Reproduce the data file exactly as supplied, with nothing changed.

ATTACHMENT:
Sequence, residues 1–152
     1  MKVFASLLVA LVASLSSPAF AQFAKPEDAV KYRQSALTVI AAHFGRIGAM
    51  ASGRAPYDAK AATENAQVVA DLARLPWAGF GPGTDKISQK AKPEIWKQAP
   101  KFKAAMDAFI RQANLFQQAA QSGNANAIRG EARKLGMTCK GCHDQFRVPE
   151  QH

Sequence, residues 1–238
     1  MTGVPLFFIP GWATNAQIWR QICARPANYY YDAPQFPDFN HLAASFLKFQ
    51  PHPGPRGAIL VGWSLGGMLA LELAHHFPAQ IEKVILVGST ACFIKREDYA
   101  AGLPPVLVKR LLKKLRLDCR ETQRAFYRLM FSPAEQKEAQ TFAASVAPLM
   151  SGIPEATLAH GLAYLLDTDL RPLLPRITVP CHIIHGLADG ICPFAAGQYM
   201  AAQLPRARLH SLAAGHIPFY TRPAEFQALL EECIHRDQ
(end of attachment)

Sequence, residues 1–152
     1  MKVFASLLVA LVASLSSPAF AQFAKPEDAV KYRQSALTVI AAHFGRIGAM
    51  ASGRAPYDAK AATENAQVVA DLARLPWAGF GPGTDKISQK AKPEIWKQAP
   101  KFKAAMDAFI RQANLFQQAA QSGNANAIRG EARKLGMTCK GCHDQFRVPE
   151  QH

Sequence, residues 1–238
     1  MTGVPLFFIP GWATNAQIWR QICARPANYY YDAPQFPDFN HLAASFLKFQ
    51  PHPGPRGAIL VGWSLGGMLA LELAHHFPAQ IEKVILVGST ACFIKREDYA
   101  AGLPPVLVKR LLKKLRLDCR ETQRAFYRLM FSPAEQKEAQ TFAASVAPLM
   151  SGIPEATLAH GLAYLLDTDL RPLLPRITVP CHIIHGLADG ICPFAAGQYM
   201  AAQLPRARLH SLAAGHIPFY TRPAEFQALL EECIHRDQ